Galerie Georges-Philippe & Nathalie Vallois presents Kinetic Landscapes (1969-2016), the second exhibition dedicated to American artist Paul Kos following Allegories and Metaphors (1968-2012) in 2012.
Desert and mountainous landscapes from the American West provide the backdrop and inspiration for this new survey, which includes an ensemble of kinetic sculptures and video installations, as well as a selection of photographs and drawings.
A prominent figure of conceptual art in the Bay Area since the 1960s, Paul Kos is known for his dynamic use of natural substances and his overall predilection for simple materials or objects in relation to a given site. Whether they are indigenous to the environment within which he chooses to create, or they relate to its folklore in a broader way, these elements always playfully animate and sometimes even complete his artworks ranging from performance-based films, videos and photographs, to kinetic sculptures and installations.
At the crossroads with Land Art and Arte Povera, his practice is also a quintessence of the wittiness that distinguishes conceptualism on the West Coast from its rather austere yet historically dominant counterpart in New York.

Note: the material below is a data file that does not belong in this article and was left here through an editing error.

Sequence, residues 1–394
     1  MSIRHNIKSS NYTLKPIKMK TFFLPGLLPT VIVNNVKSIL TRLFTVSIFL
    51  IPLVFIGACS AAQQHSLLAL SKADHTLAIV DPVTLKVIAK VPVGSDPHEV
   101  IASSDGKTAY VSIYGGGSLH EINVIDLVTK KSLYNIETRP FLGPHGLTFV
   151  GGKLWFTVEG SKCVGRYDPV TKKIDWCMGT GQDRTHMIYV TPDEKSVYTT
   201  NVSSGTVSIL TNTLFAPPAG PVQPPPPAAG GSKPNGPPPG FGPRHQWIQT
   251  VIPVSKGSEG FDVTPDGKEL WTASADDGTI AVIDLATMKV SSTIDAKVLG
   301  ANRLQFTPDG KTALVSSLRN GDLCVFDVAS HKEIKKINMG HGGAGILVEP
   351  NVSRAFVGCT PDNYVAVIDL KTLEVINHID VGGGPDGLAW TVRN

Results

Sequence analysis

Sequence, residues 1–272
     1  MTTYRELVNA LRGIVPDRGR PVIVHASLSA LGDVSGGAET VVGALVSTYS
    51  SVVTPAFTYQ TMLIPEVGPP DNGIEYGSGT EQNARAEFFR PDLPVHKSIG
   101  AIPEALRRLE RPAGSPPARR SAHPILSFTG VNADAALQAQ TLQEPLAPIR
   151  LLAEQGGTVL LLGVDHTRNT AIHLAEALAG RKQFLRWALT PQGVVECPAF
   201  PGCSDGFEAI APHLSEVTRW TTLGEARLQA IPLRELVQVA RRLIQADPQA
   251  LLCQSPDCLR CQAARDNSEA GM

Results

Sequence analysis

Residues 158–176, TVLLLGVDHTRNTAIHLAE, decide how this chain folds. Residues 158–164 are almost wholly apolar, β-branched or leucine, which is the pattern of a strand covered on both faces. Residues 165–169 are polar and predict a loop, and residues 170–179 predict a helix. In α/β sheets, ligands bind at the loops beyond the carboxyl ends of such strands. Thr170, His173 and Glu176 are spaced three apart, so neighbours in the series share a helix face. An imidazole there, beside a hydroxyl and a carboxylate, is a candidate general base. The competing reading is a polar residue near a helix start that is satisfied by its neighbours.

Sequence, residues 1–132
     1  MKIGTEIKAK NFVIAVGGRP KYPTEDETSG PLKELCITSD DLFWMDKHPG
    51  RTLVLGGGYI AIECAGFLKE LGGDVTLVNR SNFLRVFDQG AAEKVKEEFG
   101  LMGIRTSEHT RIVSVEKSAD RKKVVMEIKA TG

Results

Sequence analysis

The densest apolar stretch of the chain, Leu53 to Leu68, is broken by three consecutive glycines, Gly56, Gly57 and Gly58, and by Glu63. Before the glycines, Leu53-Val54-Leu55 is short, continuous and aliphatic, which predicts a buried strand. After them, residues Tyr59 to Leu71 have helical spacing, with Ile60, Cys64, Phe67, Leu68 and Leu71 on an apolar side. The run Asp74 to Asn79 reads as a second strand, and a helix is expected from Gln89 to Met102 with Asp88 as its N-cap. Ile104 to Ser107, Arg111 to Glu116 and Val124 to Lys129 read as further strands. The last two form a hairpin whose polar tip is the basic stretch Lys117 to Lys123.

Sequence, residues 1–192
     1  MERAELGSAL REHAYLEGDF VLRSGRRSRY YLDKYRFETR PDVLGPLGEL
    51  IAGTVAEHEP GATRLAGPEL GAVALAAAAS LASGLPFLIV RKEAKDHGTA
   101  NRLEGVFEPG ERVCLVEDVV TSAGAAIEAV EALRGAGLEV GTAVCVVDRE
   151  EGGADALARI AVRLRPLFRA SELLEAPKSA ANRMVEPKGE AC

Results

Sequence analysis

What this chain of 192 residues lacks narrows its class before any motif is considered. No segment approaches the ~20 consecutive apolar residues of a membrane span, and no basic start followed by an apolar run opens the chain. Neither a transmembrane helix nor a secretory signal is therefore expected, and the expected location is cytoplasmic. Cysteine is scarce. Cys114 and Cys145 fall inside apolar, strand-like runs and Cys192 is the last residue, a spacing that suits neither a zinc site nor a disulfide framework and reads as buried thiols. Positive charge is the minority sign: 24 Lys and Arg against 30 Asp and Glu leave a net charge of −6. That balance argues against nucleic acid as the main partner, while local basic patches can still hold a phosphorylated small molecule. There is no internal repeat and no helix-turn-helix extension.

Whereas salt was the very first natural substance Paul Kos worked with, it was soon followed by ice, which has since become one of the most recurrent motifs performing, and often literally so, in his art. Such is the case here in The Sound of Ice Melting (1970), which consists of eight microphones encircling and amplifying the faint moan of a big ice cube melting on the gallery’s floor.
Although the artist obviously couldn’t predict at the turn of the 1970s the current battle against global warming, many of his artworks, and particularly this one, appear today as if they had been portending it all along. A more recent example included in the show is Kinetic Ice Flow (1969/2013) another ice block slowly deliquescing between two long wooden boards and eventually replaced, about every two days.
Next to this minimalist, almost imperceptible ice-skating spectacle, real, wild and hazardous landscapes also have pride of place, for instance in the video installation Donner Pass (2015) representing a romantic sunrise over the eponymous mountain lake that was once the frosty theater of the Donner Party and its cannibal ordeal during the gold rush. And while the photograph Seracs (2016) further crystallizes toy figurines of alpinists inside little ice cubes, the temperature more or less fortunately rises back along with the other artworks on display.
Among them, the floor installation Condensation of Yellowstone Park into 64 Square Feet (1969/2016) presents a continuously bubbling, geothermal-like mixture of sulfur and mud; the video Ice makes Fire (1974) documents a young Paul Kos successfully carving a piece of ice into a makeshift lens so as to start a re in the snow; and last but not least, the life-sized projection Roping Boar’s Tusk (1971) shows him this time doomed to failure as he attempts to catch with a lasso a volcanic plug on the distant horizon.
Violaine Boutet de Monvel